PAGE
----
Meanwhile, the Democratic primary for mayor grew to three contenders as General Sessions Court Clerk Otis Jackson filed his qualifying petition just before the deadline. He joins interim County Mayor Joe Ford and Shelby County Commissioner Deidre Malone.

Luttrell ruled out a bid for Shelby County mayor last year (2009). But when Harold Byrd decided not to run in the Democratic primary, some local GOP leaders asked Luttrell to reconsider.

The result touched off a scramble of candidates from both parties for the open sheriff’s office. But before the noon deadline, the initial field of over a dozen possible contenders was narrowed to ten – six Democrats and four Republicans.

The other surprise at the filing deadline was the return of attorney Walter Bailey to the District 2 Position 1 seat he gave up in the 2006 elections. Bailey sought re-election then to another term despite a two term limit on commissioners. Bailey lost to J.W. Gibson who decided not to seek re-election. He also lost a court fight to overturn the term limits.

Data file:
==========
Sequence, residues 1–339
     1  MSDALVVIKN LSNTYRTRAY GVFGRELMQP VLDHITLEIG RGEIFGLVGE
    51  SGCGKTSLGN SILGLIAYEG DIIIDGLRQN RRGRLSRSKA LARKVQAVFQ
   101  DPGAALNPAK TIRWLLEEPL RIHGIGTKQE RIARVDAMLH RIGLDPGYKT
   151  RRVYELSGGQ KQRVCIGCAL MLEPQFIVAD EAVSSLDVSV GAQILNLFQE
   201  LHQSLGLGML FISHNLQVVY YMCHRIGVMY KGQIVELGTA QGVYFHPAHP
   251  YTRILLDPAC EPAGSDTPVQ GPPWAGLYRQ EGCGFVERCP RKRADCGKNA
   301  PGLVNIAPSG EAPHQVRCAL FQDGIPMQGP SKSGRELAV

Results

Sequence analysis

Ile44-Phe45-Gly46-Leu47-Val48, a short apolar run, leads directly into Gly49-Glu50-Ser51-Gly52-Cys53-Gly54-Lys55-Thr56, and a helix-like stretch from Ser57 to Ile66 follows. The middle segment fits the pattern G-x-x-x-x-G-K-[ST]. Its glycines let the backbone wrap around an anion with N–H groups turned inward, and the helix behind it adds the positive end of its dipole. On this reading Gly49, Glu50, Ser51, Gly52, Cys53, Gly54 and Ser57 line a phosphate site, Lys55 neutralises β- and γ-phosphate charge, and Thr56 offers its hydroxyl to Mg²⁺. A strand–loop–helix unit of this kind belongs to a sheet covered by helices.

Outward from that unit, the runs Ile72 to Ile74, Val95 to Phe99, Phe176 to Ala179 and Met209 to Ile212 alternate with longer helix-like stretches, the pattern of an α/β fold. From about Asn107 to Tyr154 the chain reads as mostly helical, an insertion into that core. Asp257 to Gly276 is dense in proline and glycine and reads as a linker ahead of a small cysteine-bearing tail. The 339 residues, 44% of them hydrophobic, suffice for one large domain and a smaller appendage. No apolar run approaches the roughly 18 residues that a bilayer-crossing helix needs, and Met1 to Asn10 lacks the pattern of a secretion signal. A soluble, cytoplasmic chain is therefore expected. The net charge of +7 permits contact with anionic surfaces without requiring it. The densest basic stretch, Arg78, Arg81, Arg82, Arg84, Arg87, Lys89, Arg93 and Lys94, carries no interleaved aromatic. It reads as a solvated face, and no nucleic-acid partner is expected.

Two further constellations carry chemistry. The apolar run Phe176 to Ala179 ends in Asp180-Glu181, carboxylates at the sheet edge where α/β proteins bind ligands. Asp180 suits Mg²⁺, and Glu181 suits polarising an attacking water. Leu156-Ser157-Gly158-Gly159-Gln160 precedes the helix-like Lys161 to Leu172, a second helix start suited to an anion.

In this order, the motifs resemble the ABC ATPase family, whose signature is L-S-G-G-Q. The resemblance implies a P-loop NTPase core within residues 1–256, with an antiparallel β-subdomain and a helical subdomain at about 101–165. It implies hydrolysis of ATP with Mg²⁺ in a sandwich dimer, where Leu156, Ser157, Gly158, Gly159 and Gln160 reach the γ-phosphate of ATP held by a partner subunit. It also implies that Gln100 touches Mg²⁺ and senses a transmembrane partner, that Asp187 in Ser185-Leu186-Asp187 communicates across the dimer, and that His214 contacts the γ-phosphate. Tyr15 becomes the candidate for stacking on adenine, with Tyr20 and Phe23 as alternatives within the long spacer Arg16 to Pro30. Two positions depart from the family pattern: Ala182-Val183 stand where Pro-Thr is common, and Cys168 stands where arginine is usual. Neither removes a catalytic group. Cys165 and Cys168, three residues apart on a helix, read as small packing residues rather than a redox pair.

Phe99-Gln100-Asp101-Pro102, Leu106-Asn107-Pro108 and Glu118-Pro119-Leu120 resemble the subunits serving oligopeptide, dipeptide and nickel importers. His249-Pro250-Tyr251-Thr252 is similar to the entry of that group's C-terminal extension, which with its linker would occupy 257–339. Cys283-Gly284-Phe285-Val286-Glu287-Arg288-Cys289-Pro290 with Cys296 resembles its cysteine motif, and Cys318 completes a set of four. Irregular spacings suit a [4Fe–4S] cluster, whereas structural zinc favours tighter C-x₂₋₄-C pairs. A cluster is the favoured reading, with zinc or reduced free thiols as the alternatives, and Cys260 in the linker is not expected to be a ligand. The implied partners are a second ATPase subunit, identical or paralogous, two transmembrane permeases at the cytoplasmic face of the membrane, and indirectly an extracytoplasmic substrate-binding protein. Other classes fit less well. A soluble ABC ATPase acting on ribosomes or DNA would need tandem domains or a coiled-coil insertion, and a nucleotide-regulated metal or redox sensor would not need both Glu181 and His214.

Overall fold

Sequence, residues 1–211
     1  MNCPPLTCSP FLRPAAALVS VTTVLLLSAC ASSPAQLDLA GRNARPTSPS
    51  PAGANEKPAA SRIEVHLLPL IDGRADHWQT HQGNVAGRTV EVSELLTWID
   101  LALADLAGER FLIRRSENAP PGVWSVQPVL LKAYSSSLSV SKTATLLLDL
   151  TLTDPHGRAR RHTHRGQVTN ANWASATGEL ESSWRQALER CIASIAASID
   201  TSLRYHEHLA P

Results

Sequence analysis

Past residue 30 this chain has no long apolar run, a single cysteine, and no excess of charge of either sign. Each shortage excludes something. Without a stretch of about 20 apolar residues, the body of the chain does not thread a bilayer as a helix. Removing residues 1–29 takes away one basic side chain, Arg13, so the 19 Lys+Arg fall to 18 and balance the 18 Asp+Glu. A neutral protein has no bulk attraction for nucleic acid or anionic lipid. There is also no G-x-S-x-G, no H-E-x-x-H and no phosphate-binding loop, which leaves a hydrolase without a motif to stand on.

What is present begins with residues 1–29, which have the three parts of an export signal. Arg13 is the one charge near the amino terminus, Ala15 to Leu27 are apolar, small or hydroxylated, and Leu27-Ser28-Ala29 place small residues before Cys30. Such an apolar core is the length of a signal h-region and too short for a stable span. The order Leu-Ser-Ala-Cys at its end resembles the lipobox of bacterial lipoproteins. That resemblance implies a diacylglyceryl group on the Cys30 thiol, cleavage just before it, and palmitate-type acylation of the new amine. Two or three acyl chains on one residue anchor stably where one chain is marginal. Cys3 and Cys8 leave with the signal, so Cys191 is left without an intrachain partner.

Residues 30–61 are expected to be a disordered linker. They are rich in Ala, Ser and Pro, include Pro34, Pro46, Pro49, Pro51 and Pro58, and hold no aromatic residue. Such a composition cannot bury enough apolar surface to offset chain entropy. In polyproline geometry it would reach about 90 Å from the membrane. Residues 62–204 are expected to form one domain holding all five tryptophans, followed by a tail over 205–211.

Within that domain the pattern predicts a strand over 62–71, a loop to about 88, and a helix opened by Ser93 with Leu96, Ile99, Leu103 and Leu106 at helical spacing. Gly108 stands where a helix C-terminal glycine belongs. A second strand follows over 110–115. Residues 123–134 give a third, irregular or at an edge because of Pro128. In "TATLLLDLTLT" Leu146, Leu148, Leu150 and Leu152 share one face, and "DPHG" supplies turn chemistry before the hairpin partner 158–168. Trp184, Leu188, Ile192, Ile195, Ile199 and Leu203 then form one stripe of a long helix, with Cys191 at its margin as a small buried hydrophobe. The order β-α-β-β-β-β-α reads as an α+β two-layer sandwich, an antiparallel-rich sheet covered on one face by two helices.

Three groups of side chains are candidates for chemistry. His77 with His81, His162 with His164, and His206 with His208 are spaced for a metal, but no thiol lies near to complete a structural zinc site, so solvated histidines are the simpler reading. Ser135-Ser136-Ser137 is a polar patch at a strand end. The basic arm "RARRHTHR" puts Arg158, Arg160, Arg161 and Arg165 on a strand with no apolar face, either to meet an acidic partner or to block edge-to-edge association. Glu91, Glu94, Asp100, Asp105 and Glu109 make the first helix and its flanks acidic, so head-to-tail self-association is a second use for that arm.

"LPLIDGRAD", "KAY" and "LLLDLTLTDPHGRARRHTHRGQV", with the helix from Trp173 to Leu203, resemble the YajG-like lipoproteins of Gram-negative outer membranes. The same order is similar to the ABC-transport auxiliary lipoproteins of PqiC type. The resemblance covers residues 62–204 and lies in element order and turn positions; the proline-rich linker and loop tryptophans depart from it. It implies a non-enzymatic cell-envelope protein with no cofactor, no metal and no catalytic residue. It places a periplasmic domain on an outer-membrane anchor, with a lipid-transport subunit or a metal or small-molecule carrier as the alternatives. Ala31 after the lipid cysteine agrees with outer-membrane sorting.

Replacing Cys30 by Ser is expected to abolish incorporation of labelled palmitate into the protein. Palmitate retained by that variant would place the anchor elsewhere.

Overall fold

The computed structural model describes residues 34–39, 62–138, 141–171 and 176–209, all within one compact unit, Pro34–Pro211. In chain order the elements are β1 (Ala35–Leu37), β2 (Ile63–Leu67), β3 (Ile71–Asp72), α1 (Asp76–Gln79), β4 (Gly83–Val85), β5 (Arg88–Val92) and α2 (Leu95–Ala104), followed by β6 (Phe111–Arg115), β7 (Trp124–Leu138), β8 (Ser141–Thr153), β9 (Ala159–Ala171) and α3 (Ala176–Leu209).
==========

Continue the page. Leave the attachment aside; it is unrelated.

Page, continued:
Bailey was the only candidate who had filed for the seat at the Thursday deadline.

Only one incumbent county commissioner – Republican Mike Ritz -- was effectively re-elected at the deadline because he had no opposition.

All but one of the eleven contested County Commission races will be decided with the May 4 primaries. The only general election battle for the August ballot is the district 5 contest between GOP challenger Dr. Rolando Toyos and whoever wins the May Democratic primary between incumbent Steve Mulroy and Jennings Bernard.

Former County Commissioner John Willingham also returned to the ballot among a field of Republican contenders in the primary for Shelby County Trustee.